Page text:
The Defence’s case relied heavily on testimony about the whereabouts of Steven and Lynne’s on that evening. Two Defence witnesses testified they saw the pair cycling across the bridge to Highway 8; a third witness testified to seeing Truscott returning across the bridge alone. The Crown’s reply to the testimony of these witnesses: that all three witnesses were lying.
On January 21, 1960, the Ontario Court of Appeal dismissed Steven Truscott’s conviction appeal. The Court, however, did commute his death sentence to one of life imprisonment. An application to appeal the case to the Supreme Court of Canada was also dismissed on February 24, 1960.
In the months and years following Truscott’s conviction, the case became a subject of considerable comment in the Canadian media and in Parliament. In 1966, Isabel LeBourdais wrote “The Trial of Steven Truscott
which renewed huge national interest in the case.
In April 1966, Truscott’s case was ultimately referred to the Supreme Court of Canada. The Court was asked to consider the following question: if it had heard Truscott’s appeal in 1960, would it have overturned his conviction of capital murder? In 1967, the Court ruled (with one judge dissenting) that it would indeed have upheld the conviction on the basis that the conduct of the provincial trial was fair and legal.
Imprisonment and Parole
Steven Truscott was imprisoned for a period ten years, from 1959 to 1969.
Following his initial conviction, Truscott was placed in custody in Goderich, Ontario, awaiting execution. After his sentence was commuted to life imprisonment, however, he was transferred to Kingston Penitentiary, and then to the Ontario Training School for Boys in Guelph, Ontario. In 1963, upon turning 18 years of age, Truscott was moved to the Collins Bay Penitentiary in Kingston, Ontario. After about six years he was released on parole, on October 21, 1969.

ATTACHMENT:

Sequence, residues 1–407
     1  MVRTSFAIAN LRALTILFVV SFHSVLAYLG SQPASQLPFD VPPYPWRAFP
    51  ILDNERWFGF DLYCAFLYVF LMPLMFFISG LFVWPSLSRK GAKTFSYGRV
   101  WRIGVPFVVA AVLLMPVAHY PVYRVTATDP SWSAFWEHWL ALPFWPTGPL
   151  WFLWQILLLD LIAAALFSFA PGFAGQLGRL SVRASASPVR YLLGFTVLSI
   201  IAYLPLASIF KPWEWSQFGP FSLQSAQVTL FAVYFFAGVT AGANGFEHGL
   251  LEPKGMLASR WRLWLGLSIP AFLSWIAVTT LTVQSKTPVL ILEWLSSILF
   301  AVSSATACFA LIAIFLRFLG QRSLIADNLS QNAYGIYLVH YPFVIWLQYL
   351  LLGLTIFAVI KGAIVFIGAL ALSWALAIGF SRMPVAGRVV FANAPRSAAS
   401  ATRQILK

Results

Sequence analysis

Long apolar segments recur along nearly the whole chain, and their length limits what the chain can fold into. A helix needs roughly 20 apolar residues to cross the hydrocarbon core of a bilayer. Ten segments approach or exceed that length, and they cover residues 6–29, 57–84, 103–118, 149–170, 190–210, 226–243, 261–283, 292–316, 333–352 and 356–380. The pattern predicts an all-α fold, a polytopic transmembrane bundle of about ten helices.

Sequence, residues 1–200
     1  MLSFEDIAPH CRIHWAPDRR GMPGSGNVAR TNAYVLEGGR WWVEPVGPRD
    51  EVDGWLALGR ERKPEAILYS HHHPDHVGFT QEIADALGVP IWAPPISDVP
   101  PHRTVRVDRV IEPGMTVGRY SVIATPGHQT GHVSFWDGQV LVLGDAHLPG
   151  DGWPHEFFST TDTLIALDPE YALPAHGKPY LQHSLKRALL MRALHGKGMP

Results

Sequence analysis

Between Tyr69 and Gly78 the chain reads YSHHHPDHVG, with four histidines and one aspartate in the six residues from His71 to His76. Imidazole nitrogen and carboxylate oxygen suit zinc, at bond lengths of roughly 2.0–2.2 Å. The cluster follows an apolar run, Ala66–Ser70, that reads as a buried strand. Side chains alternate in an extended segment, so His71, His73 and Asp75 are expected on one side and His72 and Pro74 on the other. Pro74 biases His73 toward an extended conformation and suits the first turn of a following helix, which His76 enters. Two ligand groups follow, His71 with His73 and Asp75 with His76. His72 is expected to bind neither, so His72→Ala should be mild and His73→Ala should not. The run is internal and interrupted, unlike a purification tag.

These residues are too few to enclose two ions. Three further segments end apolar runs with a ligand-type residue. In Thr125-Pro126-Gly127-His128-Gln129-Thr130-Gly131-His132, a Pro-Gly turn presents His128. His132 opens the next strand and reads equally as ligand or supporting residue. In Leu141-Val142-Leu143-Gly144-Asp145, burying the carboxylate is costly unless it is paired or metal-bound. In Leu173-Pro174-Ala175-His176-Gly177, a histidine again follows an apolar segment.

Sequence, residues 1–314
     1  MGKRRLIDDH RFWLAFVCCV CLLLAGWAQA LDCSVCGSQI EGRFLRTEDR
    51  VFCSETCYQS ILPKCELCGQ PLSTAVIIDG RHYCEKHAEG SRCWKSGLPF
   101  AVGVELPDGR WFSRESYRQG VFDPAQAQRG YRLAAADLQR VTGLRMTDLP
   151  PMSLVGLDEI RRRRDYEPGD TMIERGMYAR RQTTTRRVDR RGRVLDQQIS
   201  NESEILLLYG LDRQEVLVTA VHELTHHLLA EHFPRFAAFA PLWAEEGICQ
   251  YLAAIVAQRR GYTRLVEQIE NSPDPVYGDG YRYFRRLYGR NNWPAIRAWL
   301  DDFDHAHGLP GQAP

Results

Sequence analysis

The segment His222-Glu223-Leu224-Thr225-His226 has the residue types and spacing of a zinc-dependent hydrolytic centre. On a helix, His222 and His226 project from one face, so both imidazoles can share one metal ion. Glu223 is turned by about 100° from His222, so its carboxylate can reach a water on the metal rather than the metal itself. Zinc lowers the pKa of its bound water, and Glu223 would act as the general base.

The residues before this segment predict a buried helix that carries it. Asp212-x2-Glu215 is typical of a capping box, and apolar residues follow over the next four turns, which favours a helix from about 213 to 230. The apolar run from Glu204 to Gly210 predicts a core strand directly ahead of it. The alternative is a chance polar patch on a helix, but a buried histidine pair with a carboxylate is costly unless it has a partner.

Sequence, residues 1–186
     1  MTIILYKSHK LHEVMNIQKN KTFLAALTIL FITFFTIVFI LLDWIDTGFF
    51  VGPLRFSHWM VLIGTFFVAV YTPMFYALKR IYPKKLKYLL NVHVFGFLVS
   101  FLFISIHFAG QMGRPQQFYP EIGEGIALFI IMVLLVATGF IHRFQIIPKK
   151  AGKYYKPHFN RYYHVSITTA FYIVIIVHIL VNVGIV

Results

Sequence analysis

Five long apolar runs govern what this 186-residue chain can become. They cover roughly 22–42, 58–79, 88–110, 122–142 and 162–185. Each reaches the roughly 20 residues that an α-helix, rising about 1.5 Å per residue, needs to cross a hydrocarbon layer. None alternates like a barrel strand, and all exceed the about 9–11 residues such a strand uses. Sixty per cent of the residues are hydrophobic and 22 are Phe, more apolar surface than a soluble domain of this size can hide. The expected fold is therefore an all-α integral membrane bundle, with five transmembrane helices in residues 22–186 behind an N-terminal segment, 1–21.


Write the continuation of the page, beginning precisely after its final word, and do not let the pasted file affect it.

Steven Truscott remained on parole from 1969 until November 1974. At that time, the National Parole Board released him of all terms and conditions of parole placed on him. As an individual who had been convicted of capital murder, however, Truscott was warned that should he ever be convicted of an indictable offence, his parole would be revoked immediately and he would return to prison.
Life After Prison
Following his release from prison, Steven Truscott immediately began to live under the name Steven Bowers (his mother’s maiden name ). For the first six months of his release he lived with his parole officer, Mac Steinberg. In 1970, he moved briefly to Vancouver , and then back to Guelph, Ontario. In October 1970, Truscott married his wife Marlene; they are still married today, and have three adult children.
After moving to Guelph, Truscott found work as a millright (a trade he learnt while in prison) with Linread Manufacturing until 1987 when he joined Fiberglass Canada (now Owens Corning), also as a millwright.
Neither Steven – nor any members of his family – have had any contact with the criminal justice system since his release in 1969.